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21 months later, Microsoft finally owns Activision Blizzard

Call of Duty, World of Warcraft, and Candy Crush join the Xbox portfolio

Artwork showing cover art for various Xbox, Bethesda, and Activision Blizzard games together, including Call of Duty, Halo, Warcraft, and Fallout Image: Xbox
Oli Welsh is senior editor, U.K., providing news, analysis, and criticism of film, TV, and games. He has been covering the business & culture of video games for two decades.

Microsoft has announced that it has — finally — completed its $68.7 billion acquisition of Activision Blizzard, the developer and publisher of Call of Duty, Warcraft, and Candy Crush.

It’s a deal of unprecedented scale in the game industry, which took 21 months to complete. Microsoft faced opposition from regulators in the U.S. and U.K., as well as from its competitor Sony, whose leaders feared losing Call of Duty to Xbox exclusivity.

In notes to Xbox and Activision Blizzard staff, Xbox head Phil Spencer and Activision CEO Bobby Kotick said that Kotick would stay on in his post until at least the end of 2023, in order to assist with the integration of the two companies.

In order to get the deal over the line, Microsoft defeated the Federal Trade Commission in a court case, and bowed to pressure from the U.K.’s Competition and Markets Authority by carving out the cloud gaming rights to Activision Blizzard games and selling them to Ubisoft. Microsoft also signed deals with PlayStation, Nintendo, Nvidia, and others promising to make Call of Duty — and, in some cases, other Activision Blizzard games — available on rival consoles and cloud platforms 10 years into the future.

What it gets in return is ownership of some of the biggest names in gaming, including annual shooter franchise Call of Duty from Activision; King’s all-conquering mobile game series Candy Crush; and Blizzard Entertainment’s Warcraft, Diablo, and Overwatch universes. There’s also a treasure trove of currently unused, or underused, gaming properties in the Activision vault, including Guitar Hero, StarCraft, Tony Hawk’s Pro Skater, Crash Bandicoot, and Spyro. And the deal opens up the possibility of any and all Activision Blizzard games being added to Microsoft’s Game Pass subscription service — including Call of Duty. (Activision Blizzard has said this won’t happen before 2024, while Phil Spencer told Xbox staff to expect more information about Game Pass “in the coming months.”)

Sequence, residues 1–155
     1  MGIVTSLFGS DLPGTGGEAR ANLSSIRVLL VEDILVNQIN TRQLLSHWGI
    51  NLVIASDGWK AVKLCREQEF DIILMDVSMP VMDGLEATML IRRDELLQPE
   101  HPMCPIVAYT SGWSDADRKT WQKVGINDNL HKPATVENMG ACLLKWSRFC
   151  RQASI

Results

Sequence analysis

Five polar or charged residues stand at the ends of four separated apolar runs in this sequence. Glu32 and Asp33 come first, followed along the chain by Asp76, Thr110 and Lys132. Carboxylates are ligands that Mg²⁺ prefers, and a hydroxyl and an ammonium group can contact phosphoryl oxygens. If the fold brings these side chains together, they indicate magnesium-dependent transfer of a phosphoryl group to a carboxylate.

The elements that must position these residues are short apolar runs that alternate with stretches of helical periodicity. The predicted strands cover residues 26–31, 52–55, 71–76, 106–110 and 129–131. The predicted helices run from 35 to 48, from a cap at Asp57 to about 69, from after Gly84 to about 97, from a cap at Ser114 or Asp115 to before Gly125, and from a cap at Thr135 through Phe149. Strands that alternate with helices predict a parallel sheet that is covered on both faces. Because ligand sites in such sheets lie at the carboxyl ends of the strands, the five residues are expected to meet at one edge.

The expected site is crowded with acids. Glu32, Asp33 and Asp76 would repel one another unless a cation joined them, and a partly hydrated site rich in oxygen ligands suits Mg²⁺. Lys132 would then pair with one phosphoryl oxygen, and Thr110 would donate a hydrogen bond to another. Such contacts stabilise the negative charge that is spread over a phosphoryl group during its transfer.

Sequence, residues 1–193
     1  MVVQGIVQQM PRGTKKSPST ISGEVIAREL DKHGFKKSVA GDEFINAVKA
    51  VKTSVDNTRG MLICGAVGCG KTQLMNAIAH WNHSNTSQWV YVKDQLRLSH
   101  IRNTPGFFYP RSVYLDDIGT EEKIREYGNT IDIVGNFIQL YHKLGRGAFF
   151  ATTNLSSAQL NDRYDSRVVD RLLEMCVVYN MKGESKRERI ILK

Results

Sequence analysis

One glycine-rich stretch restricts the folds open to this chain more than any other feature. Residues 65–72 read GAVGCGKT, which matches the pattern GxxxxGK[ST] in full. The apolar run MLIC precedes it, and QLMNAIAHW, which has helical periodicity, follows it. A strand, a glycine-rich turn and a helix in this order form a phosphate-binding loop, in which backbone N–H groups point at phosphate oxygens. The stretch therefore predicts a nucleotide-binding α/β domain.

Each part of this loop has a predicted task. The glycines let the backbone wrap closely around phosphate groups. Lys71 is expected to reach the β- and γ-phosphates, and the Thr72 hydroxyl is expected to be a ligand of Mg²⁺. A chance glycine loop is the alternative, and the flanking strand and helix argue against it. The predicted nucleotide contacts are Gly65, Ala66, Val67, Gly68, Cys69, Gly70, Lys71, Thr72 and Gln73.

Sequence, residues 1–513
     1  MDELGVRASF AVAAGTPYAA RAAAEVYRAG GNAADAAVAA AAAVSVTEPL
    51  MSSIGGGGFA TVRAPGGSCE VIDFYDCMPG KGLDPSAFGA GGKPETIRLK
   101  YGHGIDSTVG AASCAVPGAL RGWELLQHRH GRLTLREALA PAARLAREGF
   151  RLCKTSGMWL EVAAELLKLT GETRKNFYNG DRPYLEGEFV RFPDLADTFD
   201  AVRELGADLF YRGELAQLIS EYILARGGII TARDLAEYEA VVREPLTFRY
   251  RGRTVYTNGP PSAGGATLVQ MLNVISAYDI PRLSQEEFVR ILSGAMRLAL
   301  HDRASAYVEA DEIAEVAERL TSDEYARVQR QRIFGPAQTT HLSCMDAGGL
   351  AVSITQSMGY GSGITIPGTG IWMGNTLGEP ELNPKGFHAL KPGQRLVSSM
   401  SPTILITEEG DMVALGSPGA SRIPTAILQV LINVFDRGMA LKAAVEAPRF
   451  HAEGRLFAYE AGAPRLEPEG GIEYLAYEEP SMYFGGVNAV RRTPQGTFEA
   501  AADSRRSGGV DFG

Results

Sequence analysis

Microsoft and its Xbox Game Studios development and publishing arm also now take control of a raft of game studios, including Infinity Ward, Raven Software, Treyarch, Sledgehammer Games, Toys for Bob, and of course Blizzard’s internal teams. Many of these studios, especially Blizzard, have been embroiled in controversy and unrest for years over their workplace culture and Activision Blizzard’s management style, and some employees are reportedly looking forward to a new regime under Microsoft. Microsoft has already paved the way for smooth relations with the Activision Blizzard workforce by stating its pro-union approach, earning the Communications Workers of America’s endorsement of the deal.

“I’ve long admired the work of Activision, Blizzard, and King, and the impact they’ve had on gaming, entertainment, and pop culture,” Xbox head Phil Spencer said in Microsoft’s announcement. “Whether it was late nights spent playing the Diablo IV campaign with friends from start to finish, gathering the entire family in the rec room for our weekly Guitar Hero night, or going on an epic streak in Candy Crush, some of my most memorable gaming moments came from experiences their studios have created. It is incredible to welcome such legendary teams to Xbox.

“As one team, we’ll learn, innovate, and continue to deliver on our promise to bring the joy and community of gaming to more people,” he added. “We’ll do this in a culture that strives to empower everyone to do their best work, where all people are welcome, and is centered on our ongoing commitment of gaming for everyone. We are intentional about inclusion in everything we do at Xbox — from our team to the products we make and the stories we tell, to the way our players interact and engage as a wider gaming community.”

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